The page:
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Should health board be elected?


Opinions divided on best course


June 14, 2010
SOUTHBRIDGE — The town isn't the only one trying to navigate through the shoals of deciding what its Board of Health should look like in the future.

According to Charter Review Committee Chairman Laurent "Butch" McDonald, his panel is likely to propose an elected, three-person board when it finishes its work in August. There's still some dispute over whether such a change is "administrative" — and therefore able to be approved just by the Town Council — or large enough to require a ballot vote.

At present, the charter says the BOH has three members, but the bylaw says five. In practice, it currently has four — one recently resigned — and another plans to depart when his term ends June 30. The Town Council has asked attorney Robert Caprera to opine on whether the previous town manager was right to expand the board to five members; until then, it's postponing new appointments to fill those seats.

Town Councilor Denise Clemence, whose Education & Human Services subcommittee recently discussed that issue, is in the pro-appointment camp.

"You want to put in strong people either way, so they'll use their convictions to do the right thing," she said. "Ö I'm very nervous, with the atmosphere we're in, people may not be willing to go through the election process, but might go through the appointment process."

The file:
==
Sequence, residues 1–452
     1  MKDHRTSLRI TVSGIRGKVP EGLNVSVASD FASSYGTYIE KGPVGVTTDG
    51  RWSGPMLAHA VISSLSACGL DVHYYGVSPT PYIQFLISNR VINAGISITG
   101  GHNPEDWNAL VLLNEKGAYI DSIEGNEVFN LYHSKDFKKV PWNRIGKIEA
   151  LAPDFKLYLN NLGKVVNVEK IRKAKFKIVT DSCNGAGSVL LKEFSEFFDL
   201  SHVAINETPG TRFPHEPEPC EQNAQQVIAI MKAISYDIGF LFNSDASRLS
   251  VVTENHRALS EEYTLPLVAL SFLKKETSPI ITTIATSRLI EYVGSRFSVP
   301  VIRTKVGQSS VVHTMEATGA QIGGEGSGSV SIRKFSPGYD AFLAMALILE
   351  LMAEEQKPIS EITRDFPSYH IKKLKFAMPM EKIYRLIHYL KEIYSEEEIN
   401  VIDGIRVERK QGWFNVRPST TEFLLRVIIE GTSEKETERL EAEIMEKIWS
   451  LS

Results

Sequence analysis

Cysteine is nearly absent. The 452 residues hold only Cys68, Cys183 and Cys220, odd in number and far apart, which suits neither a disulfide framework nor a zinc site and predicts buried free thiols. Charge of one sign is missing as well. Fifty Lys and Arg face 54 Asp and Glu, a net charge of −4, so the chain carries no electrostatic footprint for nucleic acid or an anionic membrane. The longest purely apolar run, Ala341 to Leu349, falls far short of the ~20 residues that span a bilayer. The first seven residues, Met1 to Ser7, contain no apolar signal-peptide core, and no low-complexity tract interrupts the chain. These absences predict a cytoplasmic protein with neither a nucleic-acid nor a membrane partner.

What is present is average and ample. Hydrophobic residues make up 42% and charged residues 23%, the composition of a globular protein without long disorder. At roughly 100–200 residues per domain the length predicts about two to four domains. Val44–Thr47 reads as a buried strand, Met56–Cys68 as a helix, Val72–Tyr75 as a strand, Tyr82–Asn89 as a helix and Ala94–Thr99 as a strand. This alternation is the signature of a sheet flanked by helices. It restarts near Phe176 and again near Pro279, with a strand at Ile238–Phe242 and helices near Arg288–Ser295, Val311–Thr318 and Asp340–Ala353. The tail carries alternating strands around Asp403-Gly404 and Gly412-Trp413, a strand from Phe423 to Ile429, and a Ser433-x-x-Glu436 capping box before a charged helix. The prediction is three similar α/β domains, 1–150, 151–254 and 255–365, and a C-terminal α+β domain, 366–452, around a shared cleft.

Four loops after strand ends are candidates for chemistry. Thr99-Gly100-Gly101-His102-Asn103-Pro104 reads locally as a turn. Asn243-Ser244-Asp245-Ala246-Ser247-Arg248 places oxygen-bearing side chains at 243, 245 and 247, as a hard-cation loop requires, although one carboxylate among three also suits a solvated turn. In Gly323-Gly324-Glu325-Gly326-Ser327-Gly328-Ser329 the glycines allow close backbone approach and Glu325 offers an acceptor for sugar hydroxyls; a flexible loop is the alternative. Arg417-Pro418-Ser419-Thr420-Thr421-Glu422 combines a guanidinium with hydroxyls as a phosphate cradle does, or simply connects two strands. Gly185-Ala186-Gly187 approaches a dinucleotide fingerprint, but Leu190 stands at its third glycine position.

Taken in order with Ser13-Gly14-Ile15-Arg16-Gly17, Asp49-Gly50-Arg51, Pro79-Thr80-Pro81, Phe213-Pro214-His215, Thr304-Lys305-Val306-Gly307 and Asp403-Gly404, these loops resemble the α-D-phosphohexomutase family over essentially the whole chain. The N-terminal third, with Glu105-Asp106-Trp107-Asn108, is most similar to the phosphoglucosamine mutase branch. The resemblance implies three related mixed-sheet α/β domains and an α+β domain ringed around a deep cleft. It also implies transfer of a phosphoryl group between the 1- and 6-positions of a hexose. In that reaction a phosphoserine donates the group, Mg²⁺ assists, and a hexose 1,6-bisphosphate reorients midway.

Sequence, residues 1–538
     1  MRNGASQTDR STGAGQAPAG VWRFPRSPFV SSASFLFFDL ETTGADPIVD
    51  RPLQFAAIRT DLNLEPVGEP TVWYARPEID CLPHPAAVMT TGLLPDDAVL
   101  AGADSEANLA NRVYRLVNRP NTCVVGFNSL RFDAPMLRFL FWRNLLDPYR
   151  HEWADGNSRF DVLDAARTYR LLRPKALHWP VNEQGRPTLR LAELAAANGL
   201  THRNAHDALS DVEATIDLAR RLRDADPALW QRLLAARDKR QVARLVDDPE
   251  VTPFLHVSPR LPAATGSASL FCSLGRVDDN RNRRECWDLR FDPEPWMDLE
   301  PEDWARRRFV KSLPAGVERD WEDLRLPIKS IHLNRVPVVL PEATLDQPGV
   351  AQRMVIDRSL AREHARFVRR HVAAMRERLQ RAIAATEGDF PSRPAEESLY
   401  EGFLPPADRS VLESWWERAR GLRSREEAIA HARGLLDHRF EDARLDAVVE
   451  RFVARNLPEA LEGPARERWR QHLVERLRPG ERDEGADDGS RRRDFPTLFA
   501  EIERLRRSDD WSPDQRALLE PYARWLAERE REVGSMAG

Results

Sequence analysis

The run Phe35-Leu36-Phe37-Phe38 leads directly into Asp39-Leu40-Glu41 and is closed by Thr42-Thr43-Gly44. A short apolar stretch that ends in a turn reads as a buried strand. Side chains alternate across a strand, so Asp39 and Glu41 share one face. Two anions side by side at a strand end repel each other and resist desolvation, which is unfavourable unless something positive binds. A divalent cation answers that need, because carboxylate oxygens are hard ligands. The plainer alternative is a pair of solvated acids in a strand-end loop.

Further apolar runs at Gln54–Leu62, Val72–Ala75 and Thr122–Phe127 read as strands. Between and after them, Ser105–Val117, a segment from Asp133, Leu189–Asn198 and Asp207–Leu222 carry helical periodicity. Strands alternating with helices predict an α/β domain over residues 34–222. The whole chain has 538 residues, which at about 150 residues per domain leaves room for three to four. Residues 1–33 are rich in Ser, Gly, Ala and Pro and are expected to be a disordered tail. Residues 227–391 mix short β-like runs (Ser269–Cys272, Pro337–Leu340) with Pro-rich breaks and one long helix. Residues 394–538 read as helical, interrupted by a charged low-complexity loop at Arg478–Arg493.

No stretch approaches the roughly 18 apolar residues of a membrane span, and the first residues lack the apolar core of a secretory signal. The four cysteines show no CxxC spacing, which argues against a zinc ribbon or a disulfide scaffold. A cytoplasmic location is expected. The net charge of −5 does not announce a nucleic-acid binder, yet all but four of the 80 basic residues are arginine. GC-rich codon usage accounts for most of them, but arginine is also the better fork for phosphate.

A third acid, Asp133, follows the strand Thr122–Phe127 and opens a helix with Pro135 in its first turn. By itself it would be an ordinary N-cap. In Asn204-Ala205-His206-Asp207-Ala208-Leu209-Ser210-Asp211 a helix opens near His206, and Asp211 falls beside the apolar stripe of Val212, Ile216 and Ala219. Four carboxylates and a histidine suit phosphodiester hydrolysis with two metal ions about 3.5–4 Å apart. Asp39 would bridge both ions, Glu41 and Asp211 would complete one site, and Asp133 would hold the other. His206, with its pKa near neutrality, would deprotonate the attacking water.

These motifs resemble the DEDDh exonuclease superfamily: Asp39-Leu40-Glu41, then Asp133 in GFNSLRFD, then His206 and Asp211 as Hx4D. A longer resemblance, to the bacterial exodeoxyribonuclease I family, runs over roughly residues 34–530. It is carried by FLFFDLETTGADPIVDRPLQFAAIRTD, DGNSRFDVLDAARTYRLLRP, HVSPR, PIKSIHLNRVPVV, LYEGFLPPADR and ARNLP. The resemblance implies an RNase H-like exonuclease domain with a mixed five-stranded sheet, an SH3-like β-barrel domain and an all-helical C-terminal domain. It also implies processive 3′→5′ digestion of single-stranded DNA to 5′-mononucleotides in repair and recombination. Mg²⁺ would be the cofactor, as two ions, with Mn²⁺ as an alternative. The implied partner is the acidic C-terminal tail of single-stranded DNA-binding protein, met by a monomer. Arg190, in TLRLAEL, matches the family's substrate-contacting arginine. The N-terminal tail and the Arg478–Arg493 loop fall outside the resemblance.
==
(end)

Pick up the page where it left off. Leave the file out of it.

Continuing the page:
If the idea becomes reality, however, Southbridge will join the majority of Bay State towns that elect such boards.

Under state law, the requirements for town health boards are somewhat vague, but city boards are more clearly defined — they're supposed to be appointed, with three members, one of whom must be a doctor. Southbridge is a hybrid. It has a city form of government (manager/council), but obtained legislative approval to be bound by the laws that apply to towns when they conflict with those governing cities. What that means in this case is unclear.

"When town government functions well, it shouldn't theoretically make a difference whatsoever" whether they're elected or appointed, said Marcia Benes, executive director of the Mass. Association of Health Boards. "But that doesn't often happen. We all know there are conflicts of interest evident at every level of government."

See Wednesday's Southbridge Evening News for complete coverage of community news.

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